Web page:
Even in its early stages, Time Banking supplied a form of empowerment. It changed citizens from passive consumer to active co-producers who have earned the status of stakeholder. In sum, TimeBanking’s tax-exempt currency supplied the missing elements needed for Co-Production 2.0 to evolve.
Monsignor Father Fahey’s words still ring true: “All we have is each other.” But Co-Production 2.0 transforms the “each other” into a potentially vast economic resource. It provides a social technology that has proven able to surmount the shortcomings of the earlier version. Remarkable applications have demonstrated this in the United States, England, Scotland and Wales.
In Chicago, Albany and Lynn, disadvantaged youth have earned Time Dollars tutoring younger students; They have cashed the Time Dollars in for recycled computers – but the real breakthroughs have been in test scores, attendance, morale and violence reduction.
In Washington DC, a Time Dollar Youth Court handles over 65% of non-violentjuvenile crime. Recidivism has gone down by more than 50%. But perhaps the most significant accomplishment was captured by one former offender serving as a juror when she told an official Juvenile Justice Board: “I learned my acts had consequences.”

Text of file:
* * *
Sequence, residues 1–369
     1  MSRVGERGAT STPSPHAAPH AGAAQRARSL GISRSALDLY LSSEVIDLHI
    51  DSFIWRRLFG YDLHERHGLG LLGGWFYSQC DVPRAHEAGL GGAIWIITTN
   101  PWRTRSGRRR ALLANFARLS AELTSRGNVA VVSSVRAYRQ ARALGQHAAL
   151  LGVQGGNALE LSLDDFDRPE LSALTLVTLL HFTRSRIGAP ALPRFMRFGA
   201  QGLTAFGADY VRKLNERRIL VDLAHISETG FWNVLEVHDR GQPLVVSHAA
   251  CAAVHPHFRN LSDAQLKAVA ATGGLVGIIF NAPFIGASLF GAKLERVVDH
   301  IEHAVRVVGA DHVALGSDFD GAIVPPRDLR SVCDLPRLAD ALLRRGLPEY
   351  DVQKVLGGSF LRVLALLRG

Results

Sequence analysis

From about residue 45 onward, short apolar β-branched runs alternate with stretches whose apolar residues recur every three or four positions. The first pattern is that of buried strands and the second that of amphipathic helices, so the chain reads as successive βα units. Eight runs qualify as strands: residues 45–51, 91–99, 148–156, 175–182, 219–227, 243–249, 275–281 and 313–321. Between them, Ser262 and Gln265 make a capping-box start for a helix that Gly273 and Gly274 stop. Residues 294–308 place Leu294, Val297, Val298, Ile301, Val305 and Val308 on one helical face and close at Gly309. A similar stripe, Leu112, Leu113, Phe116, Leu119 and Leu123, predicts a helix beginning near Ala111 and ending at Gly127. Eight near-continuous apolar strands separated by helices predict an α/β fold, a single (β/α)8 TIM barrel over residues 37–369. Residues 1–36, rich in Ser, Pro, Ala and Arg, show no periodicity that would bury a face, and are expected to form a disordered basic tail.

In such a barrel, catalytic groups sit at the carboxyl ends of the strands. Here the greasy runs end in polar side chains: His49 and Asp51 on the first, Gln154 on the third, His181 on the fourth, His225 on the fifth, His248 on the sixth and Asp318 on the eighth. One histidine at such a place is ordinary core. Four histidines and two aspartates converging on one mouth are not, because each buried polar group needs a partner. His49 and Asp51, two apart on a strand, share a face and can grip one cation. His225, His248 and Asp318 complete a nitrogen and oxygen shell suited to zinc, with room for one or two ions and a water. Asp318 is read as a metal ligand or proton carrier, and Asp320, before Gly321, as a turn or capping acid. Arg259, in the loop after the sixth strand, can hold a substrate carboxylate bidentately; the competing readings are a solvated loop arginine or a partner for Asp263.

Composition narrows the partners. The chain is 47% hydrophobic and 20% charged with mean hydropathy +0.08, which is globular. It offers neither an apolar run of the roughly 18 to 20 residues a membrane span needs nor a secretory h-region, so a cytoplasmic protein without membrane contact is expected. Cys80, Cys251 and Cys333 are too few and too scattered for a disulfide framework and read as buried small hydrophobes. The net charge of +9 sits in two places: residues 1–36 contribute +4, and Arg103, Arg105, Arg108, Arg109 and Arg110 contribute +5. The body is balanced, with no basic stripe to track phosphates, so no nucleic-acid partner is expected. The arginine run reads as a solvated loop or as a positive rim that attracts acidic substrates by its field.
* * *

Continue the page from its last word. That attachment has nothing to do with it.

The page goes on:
In Oakland California, the Department of Public Health confronting violence between long time Black residents and newly arrived Hispanic neighbors realized after shootings that it needed to confront the latest form of lead poisoning: bullets. A previously all-Black church became the home of the TimeBank program with both an Hispanic and African American matchmaker. A rigorous evaluation designed to measure changes in the “collective efficacy” of that community found a significant decrease in violence coupled with an increase in trust and sense of control. Jointly, African Americans and Hispanics were reclaiming habitat -and in doing so, they were welcoming back persons returning from prison who would otherwise have been treated as social lepers. Instead they were enlisted in the TimeBank as homecomers and co-workers.